The way to live your daily practice is to build it up over time through experimentation. I had to try a lot of things in order to find the practices that worked best for me. For example, at one point I tried seated meditation and I wondered if I would be doing that every day for the rest of my life. It turned out that, while helpful, that really wasn’t the best use of my time. Instead, I replaced that meditation with distance running. That seemed to work better for me personally and it gave much the same sort of benefit.
Now, could you do both? Sure you could do both. But it’s not about that….it’s about finding what works best for YOU.
At one time I left the daily AA meetings and my peers in recovery were worried that I was going to relapse. So they warned me about this and talked to me about, asking me what I was doing instead. When I talked to them about personal growth, holistic health, and online recovery, they didn’t get it….they said “Why not do all of that stuff AND go to meetings every day too? Isn’t that safer? Wouldn’t that work better at preventing relapse?”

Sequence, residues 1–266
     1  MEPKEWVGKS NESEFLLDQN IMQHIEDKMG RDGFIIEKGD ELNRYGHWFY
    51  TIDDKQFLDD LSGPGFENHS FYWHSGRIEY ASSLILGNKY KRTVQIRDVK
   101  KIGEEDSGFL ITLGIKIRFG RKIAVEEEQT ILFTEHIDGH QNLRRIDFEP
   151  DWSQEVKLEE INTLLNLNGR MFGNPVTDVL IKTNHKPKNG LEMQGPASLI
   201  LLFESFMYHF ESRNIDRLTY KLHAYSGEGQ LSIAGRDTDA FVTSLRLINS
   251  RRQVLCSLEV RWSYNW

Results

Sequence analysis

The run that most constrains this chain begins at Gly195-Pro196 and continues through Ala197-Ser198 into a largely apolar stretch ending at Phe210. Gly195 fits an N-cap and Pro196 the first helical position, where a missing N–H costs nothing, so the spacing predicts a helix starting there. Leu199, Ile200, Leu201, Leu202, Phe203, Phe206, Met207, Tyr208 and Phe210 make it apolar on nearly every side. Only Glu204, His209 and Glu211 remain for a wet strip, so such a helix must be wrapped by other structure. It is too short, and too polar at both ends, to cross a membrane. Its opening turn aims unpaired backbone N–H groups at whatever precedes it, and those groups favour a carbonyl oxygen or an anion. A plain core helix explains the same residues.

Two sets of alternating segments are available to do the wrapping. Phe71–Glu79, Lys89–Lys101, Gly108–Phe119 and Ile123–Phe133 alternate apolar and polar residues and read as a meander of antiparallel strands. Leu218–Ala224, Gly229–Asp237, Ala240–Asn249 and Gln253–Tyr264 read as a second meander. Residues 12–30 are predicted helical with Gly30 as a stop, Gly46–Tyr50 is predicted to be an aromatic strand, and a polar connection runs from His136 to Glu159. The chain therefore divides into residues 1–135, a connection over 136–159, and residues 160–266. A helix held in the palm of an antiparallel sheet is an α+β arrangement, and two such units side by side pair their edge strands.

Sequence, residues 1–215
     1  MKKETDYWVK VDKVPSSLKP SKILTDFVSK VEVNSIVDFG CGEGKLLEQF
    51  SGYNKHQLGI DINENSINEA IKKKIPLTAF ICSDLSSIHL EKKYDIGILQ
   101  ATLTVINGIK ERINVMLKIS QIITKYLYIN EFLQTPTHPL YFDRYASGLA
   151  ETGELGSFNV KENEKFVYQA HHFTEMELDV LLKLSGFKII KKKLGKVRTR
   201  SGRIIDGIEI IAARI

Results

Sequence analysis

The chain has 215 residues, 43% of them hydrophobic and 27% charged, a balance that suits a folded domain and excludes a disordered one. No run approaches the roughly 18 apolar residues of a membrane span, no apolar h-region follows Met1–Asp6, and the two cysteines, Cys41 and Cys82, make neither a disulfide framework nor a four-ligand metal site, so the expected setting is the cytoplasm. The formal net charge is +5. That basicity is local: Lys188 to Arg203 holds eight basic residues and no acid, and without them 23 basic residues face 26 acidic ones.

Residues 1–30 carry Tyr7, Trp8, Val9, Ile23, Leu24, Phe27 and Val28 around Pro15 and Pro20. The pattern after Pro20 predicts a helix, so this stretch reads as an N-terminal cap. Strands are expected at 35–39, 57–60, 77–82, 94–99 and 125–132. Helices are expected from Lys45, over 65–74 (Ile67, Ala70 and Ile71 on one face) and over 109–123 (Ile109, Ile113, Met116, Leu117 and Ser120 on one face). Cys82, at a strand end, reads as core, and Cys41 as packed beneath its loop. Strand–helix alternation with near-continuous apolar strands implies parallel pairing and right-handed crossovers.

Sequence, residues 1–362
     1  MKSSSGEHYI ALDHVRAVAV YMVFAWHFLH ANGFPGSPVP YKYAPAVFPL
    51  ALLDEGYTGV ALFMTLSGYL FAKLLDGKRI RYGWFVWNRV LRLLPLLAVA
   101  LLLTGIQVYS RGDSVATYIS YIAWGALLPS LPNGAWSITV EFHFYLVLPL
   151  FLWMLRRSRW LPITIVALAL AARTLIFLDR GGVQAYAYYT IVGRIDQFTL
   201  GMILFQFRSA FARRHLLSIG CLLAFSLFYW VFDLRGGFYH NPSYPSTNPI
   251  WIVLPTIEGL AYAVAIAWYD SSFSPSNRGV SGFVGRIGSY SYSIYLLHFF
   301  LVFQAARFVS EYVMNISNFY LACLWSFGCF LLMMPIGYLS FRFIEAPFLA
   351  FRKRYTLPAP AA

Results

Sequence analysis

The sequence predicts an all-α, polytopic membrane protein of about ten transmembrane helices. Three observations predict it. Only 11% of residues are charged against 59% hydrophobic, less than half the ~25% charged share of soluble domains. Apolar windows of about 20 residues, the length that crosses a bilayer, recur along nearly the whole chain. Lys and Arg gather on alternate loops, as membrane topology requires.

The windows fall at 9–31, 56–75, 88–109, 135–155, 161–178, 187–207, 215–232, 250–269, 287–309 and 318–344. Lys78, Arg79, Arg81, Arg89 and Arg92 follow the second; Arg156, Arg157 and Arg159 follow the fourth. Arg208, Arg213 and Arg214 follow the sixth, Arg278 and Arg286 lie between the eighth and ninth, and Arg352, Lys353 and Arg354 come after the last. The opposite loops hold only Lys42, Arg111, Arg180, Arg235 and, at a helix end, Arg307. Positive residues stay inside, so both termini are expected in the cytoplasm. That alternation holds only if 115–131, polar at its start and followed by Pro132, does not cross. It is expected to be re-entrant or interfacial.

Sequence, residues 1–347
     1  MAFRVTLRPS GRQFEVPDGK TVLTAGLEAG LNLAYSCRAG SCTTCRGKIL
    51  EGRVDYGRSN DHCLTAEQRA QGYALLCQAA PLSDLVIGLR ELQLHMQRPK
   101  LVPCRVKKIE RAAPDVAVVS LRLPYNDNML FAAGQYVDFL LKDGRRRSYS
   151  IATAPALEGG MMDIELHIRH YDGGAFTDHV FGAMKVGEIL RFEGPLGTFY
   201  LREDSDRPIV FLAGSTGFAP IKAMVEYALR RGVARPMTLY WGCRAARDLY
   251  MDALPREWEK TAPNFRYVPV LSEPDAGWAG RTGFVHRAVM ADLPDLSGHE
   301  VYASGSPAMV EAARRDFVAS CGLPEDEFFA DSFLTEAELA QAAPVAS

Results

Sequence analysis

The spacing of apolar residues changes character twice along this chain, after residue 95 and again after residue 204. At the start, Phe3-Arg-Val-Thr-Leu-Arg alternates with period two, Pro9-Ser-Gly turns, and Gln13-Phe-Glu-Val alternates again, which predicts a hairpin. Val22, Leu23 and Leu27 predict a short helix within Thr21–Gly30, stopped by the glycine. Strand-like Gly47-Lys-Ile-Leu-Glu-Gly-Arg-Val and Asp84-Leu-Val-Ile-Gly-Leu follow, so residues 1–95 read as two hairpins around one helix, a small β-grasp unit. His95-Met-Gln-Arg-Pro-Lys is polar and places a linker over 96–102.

Well, OK. I guess if you really want to you can go to 3 AA meetings every single day for the rest of your life. Or you could go live in a long term rehab forever. Or carry it to extremes and lock yourself in prison for life. Then maybe you can be positive that you won’t drink!
But it’s not about that. I left the meetings because they weren’t really working for me, and I wanted something more out of my recovery. I wanted a better fit. And sitting in those meetings simply wasn’t a good use of my time. It was benefitting me, yes, but there were other things that benefited me more. So I switched. I changed. I explored my options and I tested new ideas and I went with what worked best.
Welcome to the rest of your life….
Recovery lasts a long, long time. I had been sober now for 13 years and it feels like it has been a lifetime.
If there is one thing that I wish someone would have told me in early recovery it would be “Slow down, you have plenty of time in sobriety. Take your time and do things right.”